Surprise arrival of rare ‘cartoon birds’ on random Suffolk street causes a stir
- Credit: Archant
They are more like something you would see in a Disney film.
But these rare waxwings are causing something of a stir after flying all the way from Scandinavia and randomly picking an Ipswich street to nest for winter.
The 20 or so of the brightly coloured birds are currently camped out on telegraph poles, television aerials and in trees in Defoe Road - picking Suffolk, perhaps surprisingly, for its warmer winter climate.
They have brought with them a flock of their own - in the form of nature lovers with binoculars and cameras, who have travelled from far and wide to capture a glimpse of the rare birds famous for their plump shape and prominent crest.
In scenes watchers have described as something out of a cartoon, the creatures fly down from their perches to eat berries from trees, comically tossing the fruit up in the air before taking a bite.
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Alderman Road resident and wildlife photographer Philip Charles said the “beautiful flock” had caused quite a commotion since arriving about a week or so ago.
He said: “They’re beautiful, beautiful birds and the way they behave when you watch them, you would think they are cartoon birds. Suddenly they will flock down a tree and really feed on the berries - they’ll flick it up in the air and then eat it.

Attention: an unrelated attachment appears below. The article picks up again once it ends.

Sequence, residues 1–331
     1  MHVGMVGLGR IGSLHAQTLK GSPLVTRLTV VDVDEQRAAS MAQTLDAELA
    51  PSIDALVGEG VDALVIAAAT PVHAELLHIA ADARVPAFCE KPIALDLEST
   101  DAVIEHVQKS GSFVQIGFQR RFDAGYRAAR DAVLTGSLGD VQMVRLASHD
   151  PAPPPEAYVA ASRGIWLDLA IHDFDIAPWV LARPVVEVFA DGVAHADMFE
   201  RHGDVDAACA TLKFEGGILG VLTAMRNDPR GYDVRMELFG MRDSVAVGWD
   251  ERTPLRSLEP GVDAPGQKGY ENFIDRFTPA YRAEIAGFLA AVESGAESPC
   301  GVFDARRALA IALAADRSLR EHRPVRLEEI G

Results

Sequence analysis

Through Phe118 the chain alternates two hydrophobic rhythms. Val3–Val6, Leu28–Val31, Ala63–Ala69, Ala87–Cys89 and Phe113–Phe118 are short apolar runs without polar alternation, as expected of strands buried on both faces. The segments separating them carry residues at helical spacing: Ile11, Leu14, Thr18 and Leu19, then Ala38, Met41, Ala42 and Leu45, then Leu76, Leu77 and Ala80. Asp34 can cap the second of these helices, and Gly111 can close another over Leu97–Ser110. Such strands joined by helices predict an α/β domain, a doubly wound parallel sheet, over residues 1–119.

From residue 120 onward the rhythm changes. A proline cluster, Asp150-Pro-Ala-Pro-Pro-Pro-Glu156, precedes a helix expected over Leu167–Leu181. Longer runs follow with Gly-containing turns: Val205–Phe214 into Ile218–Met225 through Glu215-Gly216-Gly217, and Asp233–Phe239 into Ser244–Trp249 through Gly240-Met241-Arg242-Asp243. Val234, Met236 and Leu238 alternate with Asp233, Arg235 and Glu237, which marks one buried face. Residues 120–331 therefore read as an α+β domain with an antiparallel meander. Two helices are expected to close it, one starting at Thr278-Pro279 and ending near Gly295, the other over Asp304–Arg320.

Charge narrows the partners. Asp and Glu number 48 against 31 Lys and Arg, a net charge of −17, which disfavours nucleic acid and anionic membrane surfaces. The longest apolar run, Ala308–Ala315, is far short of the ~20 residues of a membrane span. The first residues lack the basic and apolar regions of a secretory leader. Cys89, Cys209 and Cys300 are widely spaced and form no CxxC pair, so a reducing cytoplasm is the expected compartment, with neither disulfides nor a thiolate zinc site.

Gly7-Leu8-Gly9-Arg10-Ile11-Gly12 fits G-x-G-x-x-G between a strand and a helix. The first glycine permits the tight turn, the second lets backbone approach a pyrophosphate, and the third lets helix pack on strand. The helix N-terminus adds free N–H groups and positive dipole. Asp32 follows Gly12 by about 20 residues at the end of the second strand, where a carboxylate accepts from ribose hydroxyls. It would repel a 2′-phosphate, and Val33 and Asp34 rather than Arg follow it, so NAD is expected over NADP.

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“It’s great that they’ve decided to come to a road like Defoe Road. You don’t need a big telescope to see them. It shows people that wildlife can be right on your doorstep without you really knowing it.
“Right now you can still go out and see them and that should be celebrated.”
He added that it has resulted in “flocks of photographers, twitchers and wildlife enthusiasts to the area, often leaving local residents perplexed at what is going on”.
There is some method to the waxwings’ choice of Defoe Road - namely its plentiful trees, which contain plenty of food to keep them from feeling hungry in winter.
They used to be a far more common sight in urban areas but have become a rarer sight in recent years, not least because there are fewer trees in town centre settings.
According to the RSPB, waxwings tend not to go much more inland than East Anglia when nesting for winter.
They are generally seen in the UK between October and March.